Study Design
The client population included every client who started the Narconon program at either Narconon Los Angeles or Narconon Chilocco during the study period. By including every client we avoided bias in the selection.
The initial evaluation included a comprehensive interview based on the widely used “Addiction Severity Index” and quantitative testing for drugs of abuse in a urine sample, taken on arrival. (The severity index has been used in many evaluations of drug rehabilitation programs.)
The progress of each client was then monitored throughout the study via a daily report and periodic urine testing.
A total of 273 clients participated in this study.
The clientele at different Narconon facilities do vary considerably. Factors such as regional problems with drug abuse and governmental support for drug rehabilitation play important roles. To apply the results of this study, it is important to know something about the clients at the two Narconon facilities that were being evaluated.

  • 81% of the clients participating in this study were male, 19% were female.
  • The average age was 30.7 +/- 8.6 years. (Range 14-66 years).
  • 67% were Caucasian, 13% Hispanic, 9% American Indian, 8% African-American and 3% other.
Education and Employment
The educational level was comparable to some other drug rehabilitation programs. 20% of these clients had not completed high school. 80% had completed high school or above, 14% had gone to trade school or junior college after high school, 9% had completed college and 2% had post-graduate degrees such as a masters in business or science or a doctorate degree.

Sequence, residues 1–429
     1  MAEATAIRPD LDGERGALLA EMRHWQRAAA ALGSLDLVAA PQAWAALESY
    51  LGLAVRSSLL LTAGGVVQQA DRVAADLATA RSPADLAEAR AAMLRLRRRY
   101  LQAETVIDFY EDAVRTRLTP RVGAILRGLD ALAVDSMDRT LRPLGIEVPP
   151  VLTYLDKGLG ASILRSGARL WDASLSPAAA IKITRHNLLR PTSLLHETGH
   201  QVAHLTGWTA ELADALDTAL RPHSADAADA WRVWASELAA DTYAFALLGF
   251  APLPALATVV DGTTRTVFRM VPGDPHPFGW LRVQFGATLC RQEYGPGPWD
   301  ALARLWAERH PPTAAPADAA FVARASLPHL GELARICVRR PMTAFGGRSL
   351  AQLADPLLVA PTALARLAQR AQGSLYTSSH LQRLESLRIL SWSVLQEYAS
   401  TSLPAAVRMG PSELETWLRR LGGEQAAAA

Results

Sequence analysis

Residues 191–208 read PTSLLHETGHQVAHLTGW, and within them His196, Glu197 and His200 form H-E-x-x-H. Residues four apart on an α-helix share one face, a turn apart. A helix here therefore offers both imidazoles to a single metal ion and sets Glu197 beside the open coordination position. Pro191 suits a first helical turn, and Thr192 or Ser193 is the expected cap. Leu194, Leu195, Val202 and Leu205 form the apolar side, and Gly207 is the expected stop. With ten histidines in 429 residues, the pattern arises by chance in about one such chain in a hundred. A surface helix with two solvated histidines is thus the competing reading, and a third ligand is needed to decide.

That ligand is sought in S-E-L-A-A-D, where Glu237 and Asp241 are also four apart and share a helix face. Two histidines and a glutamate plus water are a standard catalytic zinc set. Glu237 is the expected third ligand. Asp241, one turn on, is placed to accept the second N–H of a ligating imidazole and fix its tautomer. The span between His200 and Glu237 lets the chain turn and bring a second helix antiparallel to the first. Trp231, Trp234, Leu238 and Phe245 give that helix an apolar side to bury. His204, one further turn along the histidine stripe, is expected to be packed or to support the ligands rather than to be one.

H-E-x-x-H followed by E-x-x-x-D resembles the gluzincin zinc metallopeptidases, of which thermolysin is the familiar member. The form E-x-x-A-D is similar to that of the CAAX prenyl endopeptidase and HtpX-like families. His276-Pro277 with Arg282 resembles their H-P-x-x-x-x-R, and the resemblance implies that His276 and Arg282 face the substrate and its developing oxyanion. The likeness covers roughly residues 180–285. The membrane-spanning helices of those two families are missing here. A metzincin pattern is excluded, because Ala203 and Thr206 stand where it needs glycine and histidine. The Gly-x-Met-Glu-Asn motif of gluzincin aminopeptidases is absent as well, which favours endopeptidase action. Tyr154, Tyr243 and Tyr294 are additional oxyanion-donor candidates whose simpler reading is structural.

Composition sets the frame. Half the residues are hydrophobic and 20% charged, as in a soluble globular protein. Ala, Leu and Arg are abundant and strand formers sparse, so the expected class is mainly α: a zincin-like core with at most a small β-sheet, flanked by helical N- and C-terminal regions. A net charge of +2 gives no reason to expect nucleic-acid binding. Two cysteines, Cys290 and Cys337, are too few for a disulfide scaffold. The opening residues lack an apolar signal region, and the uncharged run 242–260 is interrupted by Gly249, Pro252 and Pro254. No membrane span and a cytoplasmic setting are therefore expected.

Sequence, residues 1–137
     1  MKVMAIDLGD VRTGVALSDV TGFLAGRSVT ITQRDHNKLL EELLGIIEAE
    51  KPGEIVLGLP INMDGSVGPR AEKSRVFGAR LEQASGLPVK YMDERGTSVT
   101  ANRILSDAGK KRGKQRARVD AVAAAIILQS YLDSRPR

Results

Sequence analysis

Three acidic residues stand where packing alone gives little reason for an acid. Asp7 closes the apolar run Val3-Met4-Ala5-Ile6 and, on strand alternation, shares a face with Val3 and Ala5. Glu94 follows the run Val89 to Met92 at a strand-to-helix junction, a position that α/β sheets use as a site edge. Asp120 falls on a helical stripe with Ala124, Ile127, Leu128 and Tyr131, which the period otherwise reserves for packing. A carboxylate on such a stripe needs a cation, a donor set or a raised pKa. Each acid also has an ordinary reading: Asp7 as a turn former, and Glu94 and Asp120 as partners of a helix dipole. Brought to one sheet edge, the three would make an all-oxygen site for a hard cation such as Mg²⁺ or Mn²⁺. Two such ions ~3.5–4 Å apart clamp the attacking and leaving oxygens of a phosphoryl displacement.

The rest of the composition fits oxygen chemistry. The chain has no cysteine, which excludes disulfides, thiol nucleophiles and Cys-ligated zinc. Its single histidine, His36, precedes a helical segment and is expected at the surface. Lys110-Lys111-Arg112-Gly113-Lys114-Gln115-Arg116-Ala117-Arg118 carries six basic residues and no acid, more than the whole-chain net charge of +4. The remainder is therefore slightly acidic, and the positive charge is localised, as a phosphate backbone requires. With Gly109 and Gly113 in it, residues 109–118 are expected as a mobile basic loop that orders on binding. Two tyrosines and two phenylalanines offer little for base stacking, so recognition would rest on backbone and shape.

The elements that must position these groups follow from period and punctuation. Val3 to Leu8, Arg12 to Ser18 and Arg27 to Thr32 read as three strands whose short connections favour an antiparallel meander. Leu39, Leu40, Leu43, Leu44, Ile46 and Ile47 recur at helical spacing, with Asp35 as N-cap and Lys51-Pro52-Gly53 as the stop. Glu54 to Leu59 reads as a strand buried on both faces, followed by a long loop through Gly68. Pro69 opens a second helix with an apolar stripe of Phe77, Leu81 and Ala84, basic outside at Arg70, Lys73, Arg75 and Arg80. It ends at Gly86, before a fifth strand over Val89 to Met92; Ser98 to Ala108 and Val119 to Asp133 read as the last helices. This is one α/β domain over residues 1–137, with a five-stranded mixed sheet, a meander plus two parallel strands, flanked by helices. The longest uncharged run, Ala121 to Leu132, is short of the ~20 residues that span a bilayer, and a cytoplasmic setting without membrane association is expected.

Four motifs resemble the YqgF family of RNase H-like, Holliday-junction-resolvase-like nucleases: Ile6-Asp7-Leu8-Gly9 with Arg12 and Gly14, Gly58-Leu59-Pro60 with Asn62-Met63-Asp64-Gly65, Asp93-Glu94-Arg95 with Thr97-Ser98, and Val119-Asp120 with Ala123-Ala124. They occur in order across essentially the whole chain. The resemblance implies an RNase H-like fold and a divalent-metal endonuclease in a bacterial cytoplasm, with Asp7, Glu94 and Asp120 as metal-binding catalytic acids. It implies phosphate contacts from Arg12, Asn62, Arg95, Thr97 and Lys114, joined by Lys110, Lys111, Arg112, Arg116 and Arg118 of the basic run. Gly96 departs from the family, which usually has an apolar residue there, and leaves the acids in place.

Work Patterns
About half of these clients were currently working. 60% report their usual pattern is to work full time, yet:

  • 46% did not work in the last 30 days.
  • Only 37% were currently employed.

Many clients had recently lost their jobs – being fired or leaving work due to their drug abuse problems.
Legal Involvement
Of the clients participating in this study:

  • 22% admitted having engaged in illegal activity for profit in the last 30 days.
  • On average, those who were currently engaged in illegal activities admitted to having done so 13 of the last 30 days.

From a Longer Term View

  • 81% of these Narconon clients had been incarcerated in their lifetime.
  • 33% of these clients had been incarcerated for greater than a month.
  • 13% had been incarcerated for greater than a year in their lifetimes.
  • On average, they had been in jail 4.3 +/- 10.5 months in their lifetimes.

There is a major problem with illegal activities in this group. As described later, the Narconon program does have a very positive effect on these statistics.

Drugs of Abuse
The preferred drug of abuse does vary considerably among clients participating in the Narconon program. The primary drug of abuse for clients in this study was the following: